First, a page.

CEDAR CITY — At its Wednesday work meeting, the Cedar City Council considered a five-county regional hazardous materials interlocal agreement, a proposition for new bike trails within a city recreational area and a resolution for cable franchise agreement.
In 2003, a hazmat interlocal agreement with Washington, Iron, Kane, Beaver and Garfield counties was made, Cedar City Fire Marshal Mike Phillips said.
This agreement was created as a way to encourage the counties to reach out for help from neighboring counties when dealing with hazardous chemical-related disasters.
This year, the county agencies decided to revise the agreement for aid in all hazards; these hazards might include confined space trench rescue and flood water assistance. Phillips presented the agreement to the council for approval and signature.
Department of Homeland Security will fund grants for the necessary equipment and suits for the Cedar City Fire Department, Phillips said.
Any money left over from federal aid to a county disaster is put into the fire agency budget, he said.
Washington County might be the county that receives the most benefits of the agreement, City Attorney Paul Bittmenn said, noting the recent floods in Washington.
“It’s a good way to help during natural disasters and commit resources to different communities,” City Attorney Paul Bittmenn said. “Something like this can give us reimbursement from the Federal Emergency Management Agency with all those costs.”
The trails committee has approved an evaluation of the Thunderbird Gardens, a recreational area at the south end of the Cedar Ridge Golf Course. Accordingly, Bureau of Land Management Recreational Planner Dave Jacobsen brought a request to the council for an agreement allowing the BLM to create an approximate 30-mile trail system, which would accommodate runners, cyclists, horseback riders and pet owners, with some improvement and policing participation from the city.
The BLM and Cedar City Corporation already have a recreation/public purpose lease for the Thunderbird Gardens, Jacobsen said. In 1960, city leaders and the BLM leased the 390 acres as a picnic area, shooting range, archery range and pavilion area.
“The original lease for the Thunderbird Gardens for recreational use includes, but is not limited to, golf course use, driving range, horseback riding, a picnic area, an outdoor amphitheater, playgrounds and plays,” he said.
According to BLM reported information, Jacobsen said, approximately 661 vehicles go to the Thunderbird Gardens every month with Friday and Saturday nights seeing the highest amount of use.
“To us, the BLM, that tells us that’s a party spot,” he said.
With the idea that the area is a popular place and it gets used by a lot of people, Jacobsen said the BLM is working on a trail for mountain bikes, motorized vehicles, recreational vehicles, and the like on the east side of Cedar City and Thunderbird Gardens is the key hub for those 30 miles of trails.
Creating a trailhead along with the recreational trail would allow people to park vehicles, hop on their bike, put on their running shoes, walk their dog or get on a horse and just go, he said. The International Mountain Biking Association is working with the BLM to design the trail, which should be finished and ready for finalizing in couple weeks.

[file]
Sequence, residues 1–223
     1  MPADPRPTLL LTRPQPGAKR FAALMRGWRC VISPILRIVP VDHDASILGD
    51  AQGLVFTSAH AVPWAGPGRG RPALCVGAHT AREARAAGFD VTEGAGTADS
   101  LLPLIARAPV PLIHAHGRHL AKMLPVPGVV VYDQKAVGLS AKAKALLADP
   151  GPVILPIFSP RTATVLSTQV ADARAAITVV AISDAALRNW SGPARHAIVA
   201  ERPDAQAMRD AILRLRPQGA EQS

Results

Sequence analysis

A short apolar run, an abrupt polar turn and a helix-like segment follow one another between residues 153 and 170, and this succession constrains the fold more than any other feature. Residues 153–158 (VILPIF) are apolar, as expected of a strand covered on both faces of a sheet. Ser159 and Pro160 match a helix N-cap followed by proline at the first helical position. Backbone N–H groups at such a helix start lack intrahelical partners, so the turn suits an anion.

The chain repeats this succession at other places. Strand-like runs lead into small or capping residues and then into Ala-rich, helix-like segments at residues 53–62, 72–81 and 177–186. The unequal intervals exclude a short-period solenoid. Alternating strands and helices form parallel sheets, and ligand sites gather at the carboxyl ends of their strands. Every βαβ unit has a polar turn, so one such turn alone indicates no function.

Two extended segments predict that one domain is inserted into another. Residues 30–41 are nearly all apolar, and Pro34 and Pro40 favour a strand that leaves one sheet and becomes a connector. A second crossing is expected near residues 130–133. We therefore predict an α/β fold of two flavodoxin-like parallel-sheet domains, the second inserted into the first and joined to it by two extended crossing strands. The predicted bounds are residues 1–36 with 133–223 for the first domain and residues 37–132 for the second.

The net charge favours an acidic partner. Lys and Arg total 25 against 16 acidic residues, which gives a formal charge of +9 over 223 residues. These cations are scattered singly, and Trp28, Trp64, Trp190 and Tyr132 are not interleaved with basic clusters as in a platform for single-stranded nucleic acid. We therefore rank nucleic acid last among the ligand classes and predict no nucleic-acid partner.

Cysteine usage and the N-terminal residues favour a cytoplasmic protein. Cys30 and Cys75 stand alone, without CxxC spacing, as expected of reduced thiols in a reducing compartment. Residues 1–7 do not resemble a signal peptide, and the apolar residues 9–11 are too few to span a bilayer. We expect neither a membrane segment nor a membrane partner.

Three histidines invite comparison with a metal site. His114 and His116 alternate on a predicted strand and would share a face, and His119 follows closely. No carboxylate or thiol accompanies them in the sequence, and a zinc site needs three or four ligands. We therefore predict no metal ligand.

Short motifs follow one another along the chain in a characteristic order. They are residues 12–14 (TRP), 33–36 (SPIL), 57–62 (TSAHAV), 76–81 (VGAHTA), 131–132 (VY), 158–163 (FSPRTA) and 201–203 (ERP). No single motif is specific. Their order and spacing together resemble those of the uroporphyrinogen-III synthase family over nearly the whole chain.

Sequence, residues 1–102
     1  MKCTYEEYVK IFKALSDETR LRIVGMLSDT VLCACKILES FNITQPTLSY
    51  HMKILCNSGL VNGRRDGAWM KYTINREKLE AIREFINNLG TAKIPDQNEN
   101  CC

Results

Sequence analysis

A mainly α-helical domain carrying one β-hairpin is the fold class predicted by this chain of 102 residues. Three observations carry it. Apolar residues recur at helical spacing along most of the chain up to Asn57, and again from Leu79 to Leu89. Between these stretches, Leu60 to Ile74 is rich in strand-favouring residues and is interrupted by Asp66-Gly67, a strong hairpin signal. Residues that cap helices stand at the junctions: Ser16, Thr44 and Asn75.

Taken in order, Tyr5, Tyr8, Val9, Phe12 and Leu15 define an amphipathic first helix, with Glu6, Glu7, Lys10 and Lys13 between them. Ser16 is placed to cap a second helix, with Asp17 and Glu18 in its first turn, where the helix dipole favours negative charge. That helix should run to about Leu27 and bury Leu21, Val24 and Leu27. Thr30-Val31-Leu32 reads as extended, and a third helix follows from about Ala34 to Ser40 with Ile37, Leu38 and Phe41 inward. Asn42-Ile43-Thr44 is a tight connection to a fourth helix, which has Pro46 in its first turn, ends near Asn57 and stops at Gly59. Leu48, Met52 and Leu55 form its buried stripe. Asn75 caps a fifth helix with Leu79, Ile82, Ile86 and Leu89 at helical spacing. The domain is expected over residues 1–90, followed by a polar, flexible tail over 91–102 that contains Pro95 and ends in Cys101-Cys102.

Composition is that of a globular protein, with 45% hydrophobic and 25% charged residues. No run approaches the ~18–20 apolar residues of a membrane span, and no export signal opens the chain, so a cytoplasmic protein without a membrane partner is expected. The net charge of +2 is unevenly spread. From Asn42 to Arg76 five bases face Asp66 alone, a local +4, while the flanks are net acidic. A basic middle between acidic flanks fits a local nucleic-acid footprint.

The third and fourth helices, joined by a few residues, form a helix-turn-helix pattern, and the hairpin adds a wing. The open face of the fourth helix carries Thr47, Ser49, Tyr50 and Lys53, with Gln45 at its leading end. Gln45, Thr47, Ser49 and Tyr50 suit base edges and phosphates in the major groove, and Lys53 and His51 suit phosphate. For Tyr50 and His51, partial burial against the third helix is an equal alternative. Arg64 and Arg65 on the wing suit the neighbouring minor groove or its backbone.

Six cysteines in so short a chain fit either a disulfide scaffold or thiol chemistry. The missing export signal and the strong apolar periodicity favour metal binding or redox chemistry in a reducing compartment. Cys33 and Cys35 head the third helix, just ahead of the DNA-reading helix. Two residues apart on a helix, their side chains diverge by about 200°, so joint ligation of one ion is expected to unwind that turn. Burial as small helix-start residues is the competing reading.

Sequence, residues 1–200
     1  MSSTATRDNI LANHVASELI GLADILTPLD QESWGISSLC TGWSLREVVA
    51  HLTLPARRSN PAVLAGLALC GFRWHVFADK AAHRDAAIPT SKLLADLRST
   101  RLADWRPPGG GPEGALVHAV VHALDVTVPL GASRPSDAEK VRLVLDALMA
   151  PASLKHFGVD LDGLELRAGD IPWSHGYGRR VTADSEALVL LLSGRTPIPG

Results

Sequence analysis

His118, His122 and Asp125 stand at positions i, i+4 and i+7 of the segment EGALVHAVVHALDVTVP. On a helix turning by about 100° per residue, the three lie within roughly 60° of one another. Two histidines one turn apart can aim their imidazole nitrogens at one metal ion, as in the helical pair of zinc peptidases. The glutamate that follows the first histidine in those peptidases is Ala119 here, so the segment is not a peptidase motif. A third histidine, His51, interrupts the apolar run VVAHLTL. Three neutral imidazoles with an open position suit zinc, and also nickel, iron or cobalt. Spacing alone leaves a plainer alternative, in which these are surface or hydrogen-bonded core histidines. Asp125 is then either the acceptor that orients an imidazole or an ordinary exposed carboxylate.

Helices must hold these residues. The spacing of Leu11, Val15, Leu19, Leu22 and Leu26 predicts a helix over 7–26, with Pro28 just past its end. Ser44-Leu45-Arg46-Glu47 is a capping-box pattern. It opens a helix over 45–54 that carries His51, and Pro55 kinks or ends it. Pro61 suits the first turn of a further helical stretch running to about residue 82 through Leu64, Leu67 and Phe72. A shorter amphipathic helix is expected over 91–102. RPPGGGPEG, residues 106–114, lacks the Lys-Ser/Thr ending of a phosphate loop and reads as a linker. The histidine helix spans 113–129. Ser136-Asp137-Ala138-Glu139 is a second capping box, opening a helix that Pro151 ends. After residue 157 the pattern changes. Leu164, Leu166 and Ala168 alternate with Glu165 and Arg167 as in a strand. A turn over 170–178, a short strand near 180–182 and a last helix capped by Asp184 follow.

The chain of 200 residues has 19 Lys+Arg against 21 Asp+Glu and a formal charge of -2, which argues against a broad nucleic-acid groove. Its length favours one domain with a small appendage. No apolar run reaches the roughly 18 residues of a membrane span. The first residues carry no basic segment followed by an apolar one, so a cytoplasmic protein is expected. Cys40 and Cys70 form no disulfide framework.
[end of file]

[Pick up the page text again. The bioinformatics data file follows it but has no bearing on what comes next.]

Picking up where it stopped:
The BLM is willing to do the work of keeping the trails clean, Jacobsen said, but requested that the city agree to help put signs up and help prevent people from shooting in areas not designated for shooting.
City Councilman Fred Rowley said: “The problem is Thunderbird Gardens has been such a traditional shooting spot I think it will be a serious habit to break and get the people out at the shooting range.”
Another question the council had was whether or not the property was within city limits, noting that it could not pass an agreement for areas outside Cedar City. City Engineer Kit Warhem presented a map and it was determined the area proposed for improvement is within city limits.
The proposal is expected to proceed to vote by the City Council at a forthcoming regular meeting.
Broadband franchise agreement
A resolution to approve an agreement between TDS Baja Broadband LLC and Bresnan Communications that will last until 2025 was introduced by Bittmenn for the council’s consideration.
The agreement, which turns the ownership of Bresnan over to TDS Baja Broadband, provides a way for the city to give a nonexclusive right to telecommunications, he said.
Named as the seventh largest telephone company in the nation, TDS General Manager Bill Shaw, who presented to the council, said the company provides fiber optics and broadband for residents and businesses.
“We are a well-known, financially-established long-term provider,” Shaw said. “We’ve been wanting to connect with either Charter, Bresnan and Optimun for some time.”
The company would provide synergies and bring a 10 gigabyte network into the community as well as enhance the existing networks, Shaw said.
All items discussed and evaluated at Wednesday’s work meeting are slated to be voted on at the City Council’s regular action meeting on Aug. 27.
- Council addresses homeowner complaints, hospital report, RAP tax allocation
- Council considers RAP tax allocations, RFP audits, impact fee rates
- Cedar Ridge Golf Course prairie dog fence project resumes
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